At Petit Caloundra, Denell explains play-based learning programs include a balance of child-led and teacher initiated experiences.

‘Our educators support children’s agency in the program while being there to support and scaffold their interests when required through the addition of resources, play space and intentional teaching strategies.’

The thoughtful planning of materials engages a child’s curiosity and sparks spontaneous play and interactions as well as playful experiences that encourage learning. Collaboration with children and their families is an essential element too.

‘Play-based learning requires a strong partnership with families to ensure we have a strong understanding of children’s interests. It allows us to implement an effective learning cycle that emphasises the interests of groups and individuals.’

Denell shares a recent example of play-based learning in action at Petit Caloundra, ‘In our Treasure Cove studio, the children have been looking at water and how it is needed to sustain life. This led to looking at water needs for ourselves as living beings.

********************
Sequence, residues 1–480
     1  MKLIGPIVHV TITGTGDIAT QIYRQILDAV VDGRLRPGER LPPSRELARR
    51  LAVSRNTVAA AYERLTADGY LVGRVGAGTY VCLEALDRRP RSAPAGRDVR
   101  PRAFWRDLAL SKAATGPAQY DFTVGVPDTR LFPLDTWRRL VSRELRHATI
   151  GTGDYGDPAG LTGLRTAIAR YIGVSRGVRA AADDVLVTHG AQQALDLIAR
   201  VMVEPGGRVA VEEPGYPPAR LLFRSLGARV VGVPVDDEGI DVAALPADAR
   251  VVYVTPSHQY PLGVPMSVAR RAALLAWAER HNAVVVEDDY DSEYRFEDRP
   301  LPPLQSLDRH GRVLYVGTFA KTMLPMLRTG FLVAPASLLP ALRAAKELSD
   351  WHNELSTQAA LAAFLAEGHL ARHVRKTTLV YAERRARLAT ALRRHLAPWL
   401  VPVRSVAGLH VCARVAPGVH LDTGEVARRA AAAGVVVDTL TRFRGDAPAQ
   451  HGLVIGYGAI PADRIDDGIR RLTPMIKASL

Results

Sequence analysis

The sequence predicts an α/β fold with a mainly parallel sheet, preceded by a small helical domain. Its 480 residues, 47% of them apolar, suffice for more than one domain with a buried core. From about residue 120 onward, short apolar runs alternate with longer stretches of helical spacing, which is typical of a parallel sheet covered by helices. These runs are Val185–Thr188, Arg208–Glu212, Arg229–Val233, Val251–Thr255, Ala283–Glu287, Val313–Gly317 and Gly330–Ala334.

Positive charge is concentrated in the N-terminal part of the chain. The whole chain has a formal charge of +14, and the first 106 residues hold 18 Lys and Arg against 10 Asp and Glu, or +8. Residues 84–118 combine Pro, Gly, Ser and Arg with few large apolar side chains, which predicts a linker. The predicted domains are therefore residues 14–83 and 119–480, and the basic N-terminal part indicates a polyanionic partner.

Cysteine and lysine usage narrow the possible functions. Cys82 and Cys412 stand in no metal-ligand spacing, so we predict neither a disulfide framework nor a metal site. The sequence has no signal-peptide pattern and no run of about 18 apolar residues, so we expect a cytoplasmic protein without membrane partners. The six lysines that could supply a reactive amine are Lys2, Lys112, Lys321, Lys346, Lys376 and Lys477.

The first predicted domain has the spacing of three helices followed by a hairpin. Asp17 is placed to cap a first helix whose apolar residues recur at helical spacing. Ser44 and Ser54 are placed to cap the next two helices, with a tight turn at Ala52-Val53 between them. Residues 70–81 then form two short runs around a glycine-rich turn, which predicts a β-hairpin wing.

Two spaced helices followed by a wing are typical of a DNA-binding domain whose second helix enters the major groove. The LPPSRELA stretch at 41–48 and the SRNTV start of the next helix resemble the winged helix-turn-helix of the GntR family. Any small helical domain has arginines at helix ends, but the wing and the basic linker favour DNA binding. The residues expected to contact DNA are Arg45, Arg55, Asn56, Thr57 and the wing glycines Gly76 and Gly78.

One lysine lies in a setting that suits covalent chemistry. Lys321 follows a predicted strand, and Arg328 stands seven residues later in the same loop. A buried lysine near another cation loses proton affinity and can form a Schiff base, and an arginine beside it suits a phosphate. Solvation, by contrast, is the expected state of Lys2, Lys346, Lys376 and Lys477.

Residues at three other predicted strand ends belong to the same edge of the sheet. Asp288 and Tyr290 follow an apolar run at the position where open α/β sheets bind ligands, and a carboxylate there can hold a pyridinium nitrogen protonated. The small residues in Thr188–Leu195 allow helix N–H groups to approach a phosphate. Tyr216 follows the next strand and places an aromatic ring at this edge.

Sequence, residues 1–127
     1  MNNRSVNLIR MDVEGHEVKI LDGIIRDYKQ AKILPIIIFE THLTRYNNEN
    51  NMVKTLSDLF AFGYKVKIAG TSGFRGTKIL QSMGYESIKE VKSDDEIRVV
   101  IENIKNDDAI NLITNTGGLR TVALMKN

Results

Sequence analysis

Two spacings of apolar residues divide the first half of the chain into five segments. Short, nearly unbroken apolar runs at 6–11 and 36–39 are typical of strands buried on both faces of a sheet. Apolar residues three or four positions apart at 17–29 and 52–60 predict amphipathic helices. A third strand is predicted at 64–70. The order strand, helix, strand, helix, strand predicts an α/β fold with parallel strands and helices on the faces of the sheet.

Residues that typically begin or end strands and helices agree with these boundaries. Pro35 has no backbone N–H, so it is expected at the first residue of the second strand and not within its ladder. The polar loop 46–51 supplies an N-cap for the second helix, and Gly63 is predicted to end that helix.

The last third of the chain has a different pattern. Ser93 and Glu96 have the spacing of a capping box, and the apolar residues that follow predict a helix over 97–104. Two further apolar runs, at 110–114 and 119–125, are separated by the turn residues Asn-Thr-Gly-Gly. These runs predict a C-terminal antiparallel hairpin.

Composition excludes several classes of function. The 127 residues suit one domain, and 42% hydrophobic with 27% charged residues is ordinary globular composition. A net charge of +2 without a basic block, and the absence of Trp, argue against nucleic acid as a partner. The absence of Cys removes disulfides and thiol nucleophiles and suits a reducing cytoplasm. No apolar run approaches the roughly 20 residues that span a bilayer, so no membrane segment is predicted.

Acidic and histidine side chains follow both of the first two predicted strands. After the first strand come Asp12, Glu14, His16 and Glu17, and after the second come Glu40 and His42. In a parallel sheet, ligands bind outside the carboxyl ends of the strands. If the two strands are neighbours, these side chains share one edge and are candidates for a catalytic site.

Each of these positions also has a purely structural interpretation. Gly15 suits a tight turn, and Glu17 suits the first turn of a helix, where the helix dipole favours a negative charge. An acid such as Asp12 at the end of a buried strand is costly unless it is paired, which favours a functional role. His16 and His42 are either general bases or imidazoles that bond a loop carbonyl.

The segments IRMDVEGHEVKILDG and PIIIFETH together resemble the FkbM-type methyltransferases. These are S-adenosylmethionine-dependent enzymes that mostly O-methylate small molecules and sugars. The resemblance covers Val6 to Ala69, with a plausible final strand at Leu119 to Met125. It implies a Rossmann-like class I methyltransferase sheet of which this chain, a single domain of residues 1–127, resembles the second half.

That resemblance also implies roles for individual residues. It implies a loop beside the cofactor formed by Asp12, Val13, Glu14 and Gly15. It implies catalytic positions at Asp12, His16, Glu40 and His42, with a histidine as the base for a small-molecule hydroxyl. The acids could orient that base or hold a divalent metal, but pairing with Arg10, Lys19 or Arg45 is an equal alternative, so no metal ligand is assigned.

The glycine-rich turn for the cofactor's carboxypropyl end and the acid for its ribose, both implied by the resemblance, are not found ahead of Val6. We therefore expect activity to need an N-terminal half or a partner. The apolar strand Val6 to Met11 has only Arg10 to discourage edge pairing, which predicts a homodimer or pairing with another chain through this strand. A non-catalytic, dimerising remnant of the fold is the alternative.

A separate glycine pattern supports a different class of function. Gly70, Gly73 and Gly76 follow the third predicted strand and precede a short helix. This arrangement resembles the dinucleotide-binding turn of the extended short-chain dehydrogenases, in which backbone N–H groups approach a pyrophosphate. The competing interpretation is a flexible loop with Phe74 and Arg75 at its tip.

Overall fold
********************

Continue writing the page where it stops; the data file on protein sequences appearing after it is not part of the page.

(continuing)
Although this has been an intentional teaching goal of our Queensland Kindergarten program for this term, the water theme has branched off in many directions due to interests and suggestions from the children.

Some examples have been water-play, sink or float experiments as well as looking at mathematical concepts such as measuring and weighing using water and recycled bottles.

By scaffolding the children’s interests and providing the resources, time and settings, the children have been able to complete these inquiries in a play-based manner which was meaningful to them. It resulted in a multitude of learning outcomes including mathematics, literacy, social and emotional.’

Supporting a child’s learning through play with water-based play at Petit Caloundra

Embrace the value of play with Petit Early Learning Journey

A critical role for educators is to create a safe and creative learning environment for children. At Petit Early Learning Journey, we value the child’s interests and encourage a holistic approach to child-led play by supporting and valuing their choice, instead of instructing them in what to do.

If you enjoy playful enactment of the imagination and are ready to be responsive to children’s conversations, storytelling, playing and listening to music, then we’d love to hear from you.

Be part of an organisation that cherishes a lifelong joy of learning through play.

Join Petit today.